Violent Storm Damage Schofields

Just an update on this. I spoke to the owner of the silo (Charlie) - it has been moved back but is damaged beyond repair due to the warping of the metal. Charlie said was bolted down but perhaps the bolts may have been rusty after years. However, he believes the only reason that this silo was ripped out and moved was that it was not loaded with 1.5 tonnes of water tank like the others. A fence and trees also stopped it from being rolled further. He confirmed that a water tank in the property next door most likely was rolled through two fences of the railway line and lost in the paddock on the other side! They have not found it yet! It was an empty plastic large water tank. Gone! The verandah that was facing the wind he suggests was very strong and was simply lofted in one hit and over the house! This event was particularly significant given the damage pattern and size of the objects! Any estimates based on the descriptions here?

Large silo blown across road 40 metres

Large silo blown across road 40 metres. In the distance is the location where the silo came from a distance of about 40 metres

Large silo blown across road 40 metres

Large silo blown across road 40 metres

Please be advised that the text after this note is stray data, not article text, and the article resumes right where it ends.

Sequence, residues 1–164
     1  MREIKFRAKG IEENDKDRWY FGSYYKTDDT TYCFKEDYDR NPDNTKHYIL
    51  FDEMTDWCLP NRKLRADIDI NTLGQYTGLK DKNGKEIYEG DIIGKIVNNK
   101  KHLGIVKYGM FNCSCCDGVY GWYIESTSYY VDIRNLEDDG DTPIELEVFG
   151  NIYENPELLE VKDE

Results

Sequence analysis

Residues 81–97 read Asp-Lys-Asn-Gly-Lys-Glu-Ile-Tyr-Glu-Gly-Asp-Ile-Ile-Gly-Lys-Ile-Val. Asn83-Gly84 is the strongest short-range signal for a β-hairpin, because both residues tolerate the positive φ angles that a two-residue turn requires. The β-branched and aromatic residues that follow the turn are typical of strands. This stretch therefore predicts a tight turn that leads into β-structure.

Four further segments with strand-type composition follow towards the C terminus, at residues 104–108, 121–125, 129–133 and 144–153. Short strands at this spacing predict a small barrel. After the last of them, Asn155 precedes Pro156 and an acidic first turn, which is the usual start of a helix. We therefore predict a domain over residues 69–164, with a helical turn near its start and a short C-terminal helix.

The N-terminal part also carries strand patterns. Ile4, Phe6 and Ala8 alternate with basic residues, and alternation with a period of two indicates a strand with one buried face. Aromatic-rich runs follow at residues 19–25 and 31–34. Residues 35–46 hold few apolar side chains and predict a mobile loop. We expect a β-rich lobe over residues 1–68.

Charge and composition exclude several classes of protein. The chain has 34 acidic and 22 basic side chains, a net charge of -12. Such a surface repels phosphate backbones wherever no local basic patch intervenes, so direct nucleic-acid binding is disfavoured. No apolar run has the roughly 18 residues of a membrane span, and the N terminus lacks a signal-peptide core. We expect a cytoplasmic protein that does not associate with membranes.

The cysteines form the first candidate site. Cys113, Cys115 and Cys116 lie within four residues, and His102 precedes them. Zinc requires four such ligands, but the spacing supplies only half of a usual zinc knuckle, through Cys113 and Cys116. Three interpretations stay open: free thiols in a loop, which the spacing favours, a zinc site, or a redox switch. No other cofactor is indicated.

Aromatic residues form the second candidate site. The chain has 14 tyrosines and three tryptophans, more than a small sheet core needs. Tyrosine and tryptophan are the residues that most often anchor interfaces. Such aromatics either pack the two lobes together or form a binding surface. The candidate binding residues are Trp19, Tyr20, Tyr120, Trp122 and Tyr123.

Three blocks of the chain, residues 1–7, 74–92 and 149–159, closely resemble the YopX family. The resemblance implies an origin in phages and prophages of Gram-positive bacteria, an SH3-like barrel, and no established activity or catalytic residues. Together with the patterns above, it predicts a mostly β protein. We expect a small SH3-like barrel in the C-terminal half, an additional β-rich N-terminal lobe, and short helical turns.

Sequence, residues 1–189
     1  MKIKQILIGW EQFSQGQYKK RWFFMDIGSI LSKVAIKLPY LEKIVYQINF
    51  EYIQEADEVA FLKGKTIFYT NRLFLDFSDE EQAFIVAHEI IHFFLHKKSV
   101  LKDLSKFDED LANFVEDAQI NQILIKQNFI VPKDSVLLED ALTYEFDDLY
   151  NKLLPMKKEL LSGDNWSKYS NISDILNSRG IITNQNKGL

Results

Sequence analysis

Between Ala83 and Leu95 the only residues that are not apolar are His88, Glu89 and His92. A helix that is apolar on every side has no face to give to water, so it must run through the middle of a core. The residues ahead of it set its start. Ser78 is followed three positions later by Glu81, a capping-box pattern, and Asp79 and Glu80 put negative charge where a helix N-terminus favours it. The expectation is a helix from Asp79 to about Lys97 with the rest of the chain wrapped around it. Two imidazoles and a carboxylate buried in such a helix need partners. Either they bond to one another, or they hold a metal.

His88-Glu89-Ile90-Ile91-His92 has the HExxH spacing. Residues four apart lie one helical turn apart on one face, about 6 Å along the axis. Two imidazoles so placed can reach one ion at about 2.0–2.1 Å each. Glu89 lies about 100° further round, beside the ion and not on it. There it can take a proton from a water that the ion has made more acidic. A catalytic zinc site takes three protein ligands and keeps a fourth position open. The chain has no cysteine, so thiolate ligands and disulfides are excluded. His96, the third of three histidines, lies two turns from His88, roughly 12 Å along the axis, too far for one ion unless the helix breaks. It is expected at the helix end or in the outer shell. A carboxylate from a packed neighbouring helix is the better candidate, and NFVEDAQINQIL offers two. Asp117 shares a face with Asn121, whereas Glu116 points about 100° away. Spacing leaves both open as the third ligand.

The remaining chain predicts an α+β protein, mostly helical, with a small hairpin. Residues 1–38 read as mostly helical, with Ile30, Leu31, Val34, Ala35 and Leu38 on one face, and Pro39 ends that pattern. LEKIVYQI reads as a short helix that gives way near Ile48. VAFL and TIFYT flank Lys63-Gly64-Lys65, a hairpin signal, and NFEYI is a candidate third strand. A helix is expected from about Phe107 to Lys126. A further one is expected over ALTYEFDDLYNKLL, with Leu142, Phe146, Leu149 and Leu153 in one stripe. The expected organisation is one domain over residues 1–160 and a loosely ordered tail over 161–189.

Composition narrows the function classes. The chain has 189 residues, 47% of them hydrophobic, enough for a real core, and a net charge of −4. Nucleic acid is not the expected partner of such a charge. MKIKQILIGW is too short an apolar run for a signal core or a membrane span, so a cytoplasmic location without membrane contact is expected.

Large silo blown across road 40 metres - rolling over and flattening a 60 speed limit sign

Large silo blown across road 40 metres - rolling over and flattening a 60 speed limit sign

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This is the microburst developing nearer to Windsor but rapidly moving towards Riverstone and Schofields.

Harley Pearman and I committed to a damage survey after a road that had been close in Schofields for 2 days was opened. Now we realise why! Personally I have never seen a large silo moved like this before - this one moved from a confirmed position 40 metres away and resting against trees and a fence. I am not sure whether it was bolted down but one would assume so given construction requirements on a chicken farm. It took down a sign as well as it rolled across the road to the other side.

Further to this damage, we were told that an empty water tank was blown away and has not been located yet - one would assume probably across the railway line. If this is the case, then the water tank has been rolled at least 200 metres.
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Pine trees with extensive root systems were uprooted, antennas bent over and debris including sheeting iron hurled perhaps 100 metres or more and wrapped around poles. There is evidence of street signs leaning over from a vertical position and medium branches caught in power lines.

There were countless fencing used to enclose construction sites totally knocked down everywhere.

This suggests the wind was particularly strong and not seen in the area for many years! The pattern of the damage suggests localised severe microbursts!

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Included here are some images of a nearby street where also intense damage occurred

Photos Courtesy William Brown

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